A chemical commonly found in non-stick cookware and stain- and water-resistant coatings for carpets and fabrics could contribute to thyroid disease in people, according to a new study.
Scientists with the University of Exeter and the Peninsula Medical School said in a statement that people with higher concentrations of perfluorooctanoic acid, or PFOA, in their blood have higher rates of thyroid disease.
One researcher, David Melzer, a professor of epidemiology and public health at the Peninsula Medical School, said that his and his colleague's work show a "solid statistical link" between higher concentrations of PFOA in the blood and thyroid disease.
PFOA appears to get into the body by being swallowed or breathed in and there is no way of lowering levels in the blood.
Researcher David Melzer, a professor of epidemiology and public health, said: 'There have long been suspicions that PFOA concentrations might be linked to changes in thyroid hormone levels.
'Our analysis shows that in the "ordinary" adult population there is a solid statistical link between higher concentrations of PFOA in blood and thyroid disease.'
Concerns over PFOA (perfluorooctanoic acid) and a similar chemical PFOS since the 1990s led U.S. safety chiefs to link them to cancer. Manufacturers have agreed to phase them out by 2015.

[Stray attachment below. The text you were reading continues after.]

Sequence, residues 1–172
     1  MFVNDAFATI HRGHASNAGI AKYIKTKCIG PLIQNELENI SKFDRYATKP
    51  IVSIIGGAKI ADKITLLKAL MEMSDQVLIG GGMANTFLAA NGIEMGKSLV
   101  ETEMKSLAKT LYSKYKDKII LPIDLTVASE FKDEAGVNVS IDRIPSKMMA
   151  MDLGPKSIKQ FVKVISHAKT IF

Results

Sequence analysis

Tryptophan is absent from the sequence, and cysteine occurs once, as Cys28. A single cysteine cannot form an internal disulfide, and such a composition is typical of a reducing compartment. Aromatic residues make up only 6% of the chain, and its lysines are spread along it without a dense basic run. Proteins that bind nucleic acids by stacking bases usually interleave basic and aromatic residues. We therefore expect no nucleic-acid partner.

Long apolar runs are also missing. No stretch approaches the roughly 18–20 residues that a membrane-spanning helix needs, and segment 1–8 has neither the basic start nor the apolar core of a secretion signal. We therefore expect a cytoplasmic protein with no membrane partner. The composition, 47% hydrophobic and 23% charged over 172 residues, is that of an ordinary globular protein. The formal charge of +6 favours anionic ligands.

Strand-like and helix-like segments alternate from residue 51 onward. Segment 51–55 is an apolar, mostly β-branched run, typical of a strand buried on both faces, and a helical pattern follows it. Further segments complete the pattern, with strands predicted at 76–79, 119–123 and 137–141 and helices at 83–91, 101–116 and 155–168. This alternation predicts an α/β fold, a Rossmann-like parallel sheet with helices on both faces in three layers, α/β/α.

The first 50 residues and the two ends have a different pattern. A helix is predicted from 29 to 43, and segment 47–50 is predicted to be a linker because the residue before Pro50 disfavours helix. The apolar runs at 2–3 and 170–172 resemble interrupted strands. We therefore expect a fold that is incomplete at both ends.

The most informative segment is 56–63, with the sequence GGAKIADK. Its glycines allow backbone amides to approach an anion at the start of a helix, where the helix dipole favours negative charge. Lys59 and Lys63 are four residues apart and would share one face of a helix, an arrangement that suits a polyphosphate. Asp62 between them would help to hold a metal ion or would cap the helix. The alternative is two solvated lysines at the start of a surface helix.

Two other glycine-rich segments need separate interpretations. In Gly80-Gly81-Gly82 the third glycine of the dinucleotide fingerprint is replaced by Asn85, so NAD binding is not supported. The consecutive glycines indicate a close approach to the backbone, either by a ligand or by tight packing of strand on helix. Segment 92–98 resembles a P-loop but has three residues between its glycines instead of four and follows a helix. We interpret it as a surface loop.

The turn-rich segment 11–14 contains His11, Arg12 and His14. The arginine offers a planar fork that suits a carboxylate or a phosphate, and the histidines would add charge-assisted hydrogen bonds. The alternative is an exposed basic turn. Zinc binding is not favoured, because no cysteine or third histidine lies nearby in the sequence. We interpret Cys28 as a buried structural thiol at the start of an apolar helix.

Perfluorooctanoic acid (PFOA, 'C8') and perfluoroctane sulphonate (PFOS) are stable compounds with many industrial and consumer uses. Their persistence in the environment plus toxicity in animal models has raised concern over low-level chronic exposure effects to human health, the British researchers from the University of Exeter and the Peninsula Medical School said.
In their study, they analysed blood samples from the U.S. Centers for Disease Control and Prevention's National Health and Nutrition Examination Survey.
Included were 3974 adults with measured for PFC concentrations. Regression models were adjusted for age, sex, race/ethnicity, education, smoking status, body mass index, and alcohol intake.
In the event they found those with the highest 25 per cent of PFOA concentrations were more than twice as likely to have thyroid disease than individuals with the lowest 50 per cent of PFOA concentrations.
The study also showed that 16 per cent of women in the top quarter had the disease compared with just 8 in the bottom quarter.
But, they cautioned, more work was needed to establish the mechanisms involved and to exclude confounding and pharmacokinetic explanations.
Tamara Galloway, a professor in Ecotoxicology at the University of Exeter and the study's senior author, said: 'Our results highlight a real need for further research into the human health effects of lowlevel exposures to environmental chemicals like PFOA that are ubiquitous in the environment and in people's homes.'
Previous animal studies have shown the compounds can affect the function of the thyroid hormone system.
This is essential for maintaining heart rate, regulating body temperature and supporting many other body functions, including metabolism, reproduction, digestion and mental health.
But Dr Diane Benford, Head of Toxicology of Food at the Food Standards Agency, said: 'Studies of workers with higher exposure to these compounds have not shown consistent evidence of increased risk of thyroid disease, which would be expected if effects are occurring in the general population.'